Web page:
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Sunday Nov. 20, 2005

Academics, faculty must be key parts of MU plan

Stephen J. Kopp, president of Marshall University, unveiled a plan this past Thursday to bring Marshall employees, students and alumni into the process for preparing the school's seven-year strategic plan. The community is invited, too, thanks to an Internet-based methods of collecting comments and suggestions.

Strategic plans come and go as administrations change, but this plan will give an idea of what Kopp and the school's Board of Governors see as its primary goals for the next three to seven years.

Kopp provided four main areas in which Marshall is seeking advice on developing its long-term plan:

  • Intellectual capital, emphasizing educational innovations.

  • Community and service, focusing on providing students with knowledge and commitment to be socially responsible citizens in a diverse world.

  • Economic development, with the goal of training students to think critically and be ready to solve problems that are only now developing.

  • Discovery and innovation.

People can comment on the Marshall Web site at But this is not an Internet bulletin board where people will flame one another. Comments are limited to 255 typed characters. That may be about 40 words to describe what goals Marshall should pursue.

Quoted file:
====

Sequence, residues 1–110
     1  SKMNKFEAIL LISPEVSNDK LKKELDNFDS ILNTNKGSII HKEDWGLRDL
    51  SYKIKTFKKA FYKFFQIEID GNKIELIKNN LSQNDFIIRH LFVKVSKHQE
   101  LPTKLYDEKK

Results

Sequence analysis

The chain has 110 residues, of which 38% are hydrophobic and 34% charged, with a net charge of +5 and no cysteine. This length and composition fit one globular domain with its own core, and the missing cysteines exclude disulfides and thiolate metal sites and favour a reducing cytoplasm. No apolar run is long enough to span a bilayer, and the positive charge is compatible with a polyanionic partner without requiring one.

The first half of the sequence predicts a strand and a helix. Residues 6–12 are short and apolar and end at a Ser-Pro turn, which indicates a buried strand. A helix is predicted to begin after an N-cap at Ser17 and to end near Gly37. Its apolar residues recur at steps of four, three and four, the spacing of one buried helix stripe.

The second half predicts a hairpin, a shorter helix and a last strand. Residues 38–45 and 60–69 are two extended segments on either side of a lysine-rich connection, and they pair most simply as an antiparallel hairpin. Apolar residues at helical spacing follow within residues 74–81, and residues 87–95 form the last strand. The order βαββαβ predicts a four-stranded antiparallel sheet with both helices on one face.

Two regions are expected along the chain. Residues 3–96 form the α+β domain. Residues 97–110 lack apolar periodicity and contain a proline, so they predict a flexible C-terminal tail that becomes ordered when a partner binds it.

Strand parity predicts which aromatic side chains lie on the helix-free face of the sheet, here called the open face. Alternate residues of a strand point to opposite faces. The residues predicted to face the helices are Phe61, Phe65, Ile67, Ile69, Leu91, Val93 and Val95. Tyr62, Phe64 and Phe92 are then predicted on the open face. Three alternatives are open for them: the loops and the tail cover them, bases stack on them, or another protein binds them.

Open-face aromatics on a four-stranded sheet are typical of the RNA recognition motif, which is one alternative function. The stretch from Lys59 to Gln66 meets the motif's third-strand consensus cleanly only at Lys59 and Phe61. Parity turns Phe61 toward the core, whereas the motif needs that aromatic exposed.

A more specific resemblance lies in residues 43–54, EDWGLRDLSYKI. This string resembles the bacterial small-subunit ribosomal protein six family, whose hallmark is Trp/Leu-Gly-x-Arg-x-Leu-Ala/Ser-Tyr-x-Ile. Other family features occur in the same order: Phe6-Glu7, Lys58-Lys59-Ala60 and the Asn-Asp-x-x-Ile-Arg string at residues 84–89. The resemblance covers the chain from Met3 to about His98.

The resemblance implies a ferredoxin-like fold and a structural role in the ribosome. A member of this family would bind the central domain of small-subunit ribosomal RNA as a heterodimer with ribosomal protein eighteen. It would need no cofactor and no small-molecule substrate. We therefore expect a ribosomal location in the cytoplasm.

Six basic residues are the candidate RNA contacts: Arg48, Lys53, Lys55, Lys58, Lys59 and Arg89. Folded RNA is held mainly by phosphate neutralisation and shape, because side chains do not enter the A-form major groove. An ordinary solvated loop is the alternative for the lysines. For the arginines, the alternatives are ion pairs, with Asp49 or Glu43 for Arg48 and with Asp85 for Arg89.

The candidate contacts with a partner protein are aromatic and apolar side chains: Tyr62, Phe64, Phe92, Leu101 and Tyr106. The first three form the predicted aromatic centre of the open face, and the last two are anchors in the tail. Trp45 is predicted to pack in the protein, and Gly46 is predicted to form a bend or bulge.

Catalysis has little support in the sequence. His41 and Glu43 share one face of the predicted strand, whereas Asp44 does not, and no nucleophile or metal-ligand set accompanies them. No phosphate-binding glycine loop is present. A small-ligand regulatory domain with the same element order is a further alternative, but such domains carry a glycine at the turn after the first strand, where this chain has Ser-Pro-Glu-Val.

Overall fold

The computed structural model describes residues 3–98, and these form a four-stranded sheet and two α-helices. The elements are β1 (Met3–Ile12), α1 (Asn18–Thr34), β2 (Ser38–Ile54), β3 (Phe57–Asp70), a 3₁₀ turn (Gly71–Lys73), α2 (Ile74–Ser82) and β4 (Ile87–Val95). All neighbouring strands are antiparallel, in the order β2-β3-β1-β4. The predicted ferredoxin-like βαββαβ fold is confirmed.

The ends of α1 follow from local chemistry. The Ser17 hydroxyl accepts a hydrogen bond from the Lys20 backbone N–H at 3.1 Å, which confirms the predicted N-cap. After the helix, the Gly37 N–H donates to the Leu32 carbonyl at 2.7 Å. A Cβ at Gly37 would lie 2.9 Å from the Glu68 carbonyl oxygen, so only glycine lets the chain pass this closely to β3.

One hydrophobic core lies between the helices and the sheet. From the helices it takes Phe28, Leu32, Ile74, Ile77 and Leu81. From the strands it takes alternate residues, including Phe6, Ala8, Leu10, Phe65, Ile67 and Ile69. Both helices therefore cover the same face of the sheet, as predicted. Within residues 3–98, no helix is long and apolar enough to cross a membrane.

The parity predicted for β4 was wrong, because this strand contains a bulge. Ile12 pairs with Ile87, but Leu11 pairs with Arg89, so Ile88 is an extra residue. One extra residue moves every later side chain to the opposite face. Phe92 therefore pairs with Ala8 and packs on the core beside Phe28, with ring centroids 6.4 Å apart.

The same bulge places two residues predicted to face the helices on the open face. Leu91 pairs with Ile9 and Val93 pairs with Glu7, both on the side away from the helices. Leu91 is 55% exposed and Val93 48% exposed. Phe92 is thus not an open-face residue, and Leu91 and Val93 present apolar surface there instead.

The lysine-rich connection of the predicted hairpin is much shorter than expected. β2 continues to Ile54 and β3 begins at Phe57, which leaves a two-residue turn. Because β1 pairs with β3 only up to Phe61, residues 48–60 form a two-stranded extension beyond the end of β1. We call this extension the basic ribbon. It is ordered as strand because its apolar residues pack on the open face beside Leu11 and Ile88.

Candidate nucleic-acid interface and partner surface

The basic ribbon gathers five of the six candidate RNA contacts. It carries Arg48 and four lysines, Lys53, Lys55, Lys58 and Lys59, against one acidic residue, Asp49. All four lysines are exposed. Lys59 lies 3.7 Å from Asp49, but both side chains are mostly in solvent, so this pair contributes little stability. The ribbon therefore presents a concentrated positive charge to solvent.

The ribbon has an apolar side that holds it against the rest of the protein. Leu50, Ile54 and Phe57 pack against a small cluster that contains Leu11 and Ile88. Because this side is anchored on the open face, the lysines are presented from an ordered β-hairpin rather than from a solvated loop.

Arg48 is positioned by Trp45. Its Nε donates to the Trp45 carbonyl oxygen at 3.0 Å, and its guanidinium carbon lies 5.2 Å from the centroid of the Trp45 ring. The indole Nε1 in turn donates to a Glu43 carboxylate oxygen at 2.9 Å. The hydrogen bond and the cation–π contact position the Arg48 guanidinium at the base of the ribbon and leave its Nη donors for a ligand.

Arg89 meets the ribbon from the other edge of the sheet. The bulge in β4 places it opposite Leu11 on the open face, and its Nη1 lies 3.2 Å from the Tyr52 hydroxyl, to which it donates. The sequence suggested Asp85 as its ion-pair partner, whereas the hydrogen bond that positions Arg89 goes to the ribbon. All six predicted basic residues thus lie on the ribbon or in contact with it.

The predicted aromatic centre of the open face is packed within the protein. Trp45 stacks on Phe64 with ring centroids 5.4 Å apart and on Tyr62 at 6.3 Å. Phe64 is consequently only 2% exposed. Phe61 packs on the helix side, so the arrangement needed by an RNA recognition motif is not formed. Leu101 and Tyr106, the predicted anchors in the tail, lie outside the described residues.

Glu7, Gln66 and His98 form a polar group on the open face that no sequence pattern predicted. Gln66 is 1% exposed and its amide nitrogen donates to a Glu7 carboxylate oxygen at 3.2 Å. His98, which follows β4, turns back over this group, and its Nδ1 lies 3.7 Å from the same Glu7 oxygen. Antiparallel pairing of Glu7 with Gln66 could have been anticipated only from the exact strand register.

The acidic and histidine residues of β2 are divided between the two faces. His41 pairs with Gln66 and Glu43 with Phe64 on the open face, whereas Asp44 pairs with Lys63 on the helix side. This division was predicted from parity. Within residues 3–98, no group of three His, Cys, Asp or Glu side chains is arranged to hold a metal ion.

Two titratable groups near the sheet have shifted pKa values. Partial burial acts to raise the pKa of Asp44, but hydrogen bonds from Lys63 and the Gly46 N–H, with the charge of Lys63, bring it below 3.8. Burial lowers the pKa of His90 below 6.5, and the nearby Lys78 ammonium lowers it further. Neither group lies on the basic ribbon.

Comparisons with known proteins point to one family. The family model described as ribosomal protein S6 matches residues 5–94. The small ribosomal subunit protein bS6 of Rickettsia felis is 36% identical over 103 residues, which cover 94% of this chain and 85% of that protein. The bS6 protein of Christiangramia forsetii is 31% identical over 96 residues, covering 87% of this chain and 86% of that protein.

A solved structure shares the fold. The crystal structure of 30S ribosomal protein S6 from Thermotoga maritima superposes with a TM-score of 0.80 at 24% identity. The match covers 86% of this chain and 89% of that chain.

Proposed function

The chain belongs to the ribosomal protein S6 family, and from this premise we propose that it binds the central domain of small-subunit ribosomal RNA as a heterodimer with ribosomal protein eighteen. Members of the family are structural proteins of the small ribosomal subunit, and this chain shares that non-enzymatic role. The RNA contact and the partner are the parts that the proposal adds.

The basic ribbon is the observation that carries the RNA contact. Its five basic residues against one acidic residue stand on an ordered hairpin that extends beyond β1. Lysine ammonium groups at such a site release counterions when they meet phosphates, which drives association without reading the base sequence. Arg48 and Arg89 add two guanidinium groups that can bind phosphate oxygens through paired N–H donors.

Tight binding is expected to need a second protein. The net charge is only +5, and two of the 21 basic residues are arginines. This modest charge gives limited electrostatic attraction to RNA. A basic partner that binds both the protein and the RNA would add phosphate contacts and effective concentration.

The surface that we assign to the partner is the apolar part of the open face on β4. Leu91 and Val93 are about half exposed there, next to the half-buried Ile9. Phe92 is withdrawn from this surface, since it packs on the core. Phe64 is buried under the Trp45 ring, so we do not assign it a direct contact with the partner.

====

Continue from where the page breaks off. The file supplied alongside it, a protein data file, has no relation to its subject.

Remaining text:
While some goals may be far-fetched and some may be obvious, there are some that Marshall cannot avoid addressing.

The entire faculty pay system needs to be re-evaluated and restructured. Marshall cannot recruit the best professors available at the pay it now offers. On top of that, professors complain that for recruitment purposes, some new, young faculty are paid more than older, more experienced, more accomplished faculty.

Programs need the most up-to-date equipment available. Hospitals brag about the machines they have for treating patients. Marshall rarely brags about what it has on campus that similar schools don't.

Marshall needs to attract more out-of-state students. To do that, it must offer excellence at reasonable prices.

Perhaps the Marshall administrations of years past, and legislators, too, have grown complacent in that many of Marshall's students come from West Virginia and border areas. It hasn't had to compete that hard for students. Administrators and legislators have talked a good talk of making Marshall competitive, but they have fallen behind as other schools have grown faster and smarter.

Without academic excellence, nothing else matters. How many patents the faculty earn, how many top-name performers the Artist Series bring to town, how many parking spaces are within a block of campus, how many games the basketball team wins are all insignificant when compared to Marshall's need to provide students with the best faculty, the best equipment and the best resources in the best facilities possible.

That's it, in 91 typed characters.